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A too big legal shirt

GV Lawyers would like to present an article by Mr. Tran Thanh Tung, entitled: “A too big legal shirt” published in Saigon Times on March 3, 2011.


With Decree 01/2010/NĐ-CP regarding the private placement, the small joint stock companies (JSC) (understood as they are not public companies and have less than 100 shareholders) seem to be forced to comply with regulations appropriate only to public companies. In other words, small JSC are forced to wear a legal shirt that is too big for them.

At last the State Securities Commission (SSC) and the Ministry of Planning and Investment (MPI) have given instruction regarding private placement of JSC under Decree 01/2010. Document No. 350/UBCK-QLPH dated 27 January 2011 issued by SSC and Document No. 608/BKHĐT-PC dated 28 January 2011 issued by MPI have an unexpected common point, that is Decree 01 does not apply to JSC, that are not public companies, who issue private placement to current shareholders in order to increase charter capital.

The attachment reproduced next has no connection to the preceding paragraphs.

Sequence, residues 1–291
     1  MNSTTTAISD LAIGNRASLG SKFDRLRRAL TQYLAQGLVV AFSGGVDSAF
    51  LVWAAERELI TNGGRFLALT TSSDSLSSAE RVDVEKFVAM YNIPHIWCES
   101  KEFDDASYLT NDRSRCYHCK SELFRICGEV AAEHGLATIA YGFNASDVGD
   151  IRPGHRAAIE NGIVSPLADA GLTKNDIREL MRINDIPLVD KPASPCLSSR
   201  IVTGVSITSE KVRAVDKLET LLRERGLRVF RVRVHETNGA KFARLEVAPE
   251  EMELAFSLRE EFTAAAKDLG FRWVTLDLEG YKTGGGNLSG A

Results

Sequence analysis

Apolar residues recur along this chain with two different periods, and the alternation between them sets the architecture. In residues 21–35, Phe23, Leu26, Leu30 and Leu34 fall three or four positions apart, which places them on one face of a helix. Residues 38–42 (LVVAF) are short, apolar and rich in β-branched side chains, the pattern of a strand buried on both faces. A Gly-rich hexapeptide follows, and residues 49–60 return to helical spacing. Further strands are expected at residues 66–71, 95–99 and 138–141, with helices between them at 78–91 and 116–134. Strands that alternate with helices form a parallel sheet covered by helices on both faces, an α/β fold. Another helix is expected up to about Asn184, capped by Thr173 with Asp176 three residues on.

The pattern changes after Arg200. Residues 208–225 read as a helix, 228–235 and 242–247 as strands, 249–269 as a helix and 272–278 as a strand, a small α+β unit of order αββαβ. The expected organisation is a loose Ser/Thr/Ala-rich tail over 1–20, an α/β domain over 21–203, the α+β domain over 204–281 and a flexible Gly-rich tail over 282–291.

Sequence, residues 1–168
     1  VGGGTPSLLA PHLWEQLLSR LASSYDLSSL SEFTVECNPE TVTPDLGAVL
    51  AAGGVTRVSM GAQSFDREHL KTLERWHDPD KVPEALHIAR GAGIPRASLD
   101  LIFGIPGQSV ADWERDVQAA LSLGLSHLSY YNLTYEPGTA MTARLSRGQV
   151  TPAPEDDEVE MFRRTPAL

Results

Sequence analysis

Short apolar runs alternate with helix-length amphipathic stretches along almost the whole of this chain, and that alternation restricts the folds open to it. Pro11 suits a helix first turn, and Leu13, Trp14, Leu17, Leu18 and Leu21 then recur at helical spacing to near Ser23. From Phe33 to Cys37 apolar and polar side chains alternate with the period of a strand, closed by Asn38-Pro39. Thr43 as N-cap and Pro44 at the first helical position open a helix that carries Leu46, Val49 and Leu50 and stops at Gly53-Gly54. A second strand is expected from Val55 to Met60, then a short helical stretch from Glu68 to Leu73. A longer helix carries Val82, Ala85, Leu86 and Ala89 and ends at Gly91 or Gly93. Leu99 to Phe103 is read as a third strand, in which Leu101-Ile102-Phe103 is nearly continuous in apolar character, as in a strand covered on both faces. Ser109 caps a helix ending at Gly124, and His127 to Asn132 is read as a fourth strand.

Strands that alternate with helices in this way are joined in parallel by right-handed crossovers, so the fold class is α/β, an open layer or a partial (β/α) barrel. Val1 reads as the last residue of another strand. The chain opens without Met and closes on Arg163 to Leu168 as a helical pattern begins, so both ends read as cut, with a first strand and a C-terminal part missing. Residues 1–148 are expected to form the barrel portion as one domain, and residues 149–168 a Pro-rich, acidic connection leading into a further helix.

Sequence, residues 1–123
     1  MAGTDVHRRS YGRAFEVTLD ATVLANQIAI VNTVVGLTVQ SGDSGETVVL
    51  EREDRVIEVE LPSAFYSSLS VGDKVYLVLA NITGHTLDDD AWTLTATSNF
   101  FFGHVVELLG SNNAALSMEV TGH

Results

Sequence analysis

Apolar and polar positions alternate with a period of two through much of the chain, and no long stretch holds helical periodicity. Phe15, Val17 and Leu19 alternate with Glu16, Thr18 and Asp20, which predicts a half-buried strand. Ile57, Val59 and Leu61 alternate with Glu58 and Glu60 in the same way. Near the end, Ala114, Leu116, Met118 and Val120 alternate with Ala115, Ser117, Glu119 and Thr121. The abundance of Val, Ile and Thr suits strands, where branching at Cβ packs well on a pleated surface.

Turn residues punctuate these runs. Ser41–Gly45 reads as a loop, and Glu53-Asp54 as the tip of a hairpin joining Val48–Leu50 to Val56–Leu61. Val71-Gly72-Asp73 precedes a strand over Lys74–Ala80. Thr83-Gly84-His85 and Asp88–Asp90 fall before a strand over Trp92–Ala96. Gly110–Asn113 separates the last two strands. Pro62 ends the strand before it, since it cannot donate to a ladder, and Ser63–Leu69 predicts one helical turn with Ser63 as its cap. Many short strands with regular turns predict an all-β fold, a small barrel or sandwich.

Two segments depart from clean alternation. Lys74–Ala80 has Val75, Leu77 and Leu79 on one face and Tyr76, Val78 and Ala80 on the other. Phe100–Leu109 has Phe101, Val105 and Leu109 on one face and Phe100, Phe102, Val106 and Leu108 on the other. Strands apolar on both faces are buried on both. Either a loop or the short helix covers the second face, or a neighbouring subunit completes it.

Decree 01 still applies to other cases (public companies or JSC that are not public companies offering shares to new shareholders). This means that JSC have to do complicated and costly procedures such as approving offer method and method of using the collected money, registering and reporting the result of the offer and list of shareholders to state authorities, announcing the result of the offer on their website, blockading the collected money at the bank until the offer finished, and ensuring that the offers are at least six months apart, etc.

We can agree easily that the procedures and conditions of private placement in Decree 01 as mentioned above are suitable only for public companies. Those regulations if applied to small JSC will cause expenses and push up the issuance cost, that means to limit the capacity of capital mobilization of small JSC.

It is more unreasonable when we compare the procedures of private placement of JSC with the same of limited liability companies. In legal nature, limited liability companies and JSC are reciprocal capital companies (means rights and obligations to the company of capital contributors are based on the capital they contribute or commit to contribute to the company). In capital increase with the method of admission of more members, limited liability companies just have to register charter capital and members, without the binding of procedures like JSC, although the maximum number of members of a limited liability company may reach 50 – not a small number. Therefore, a question should be raised is that why the above two types of enterprises are treated differently, as “love one and hate the other”.

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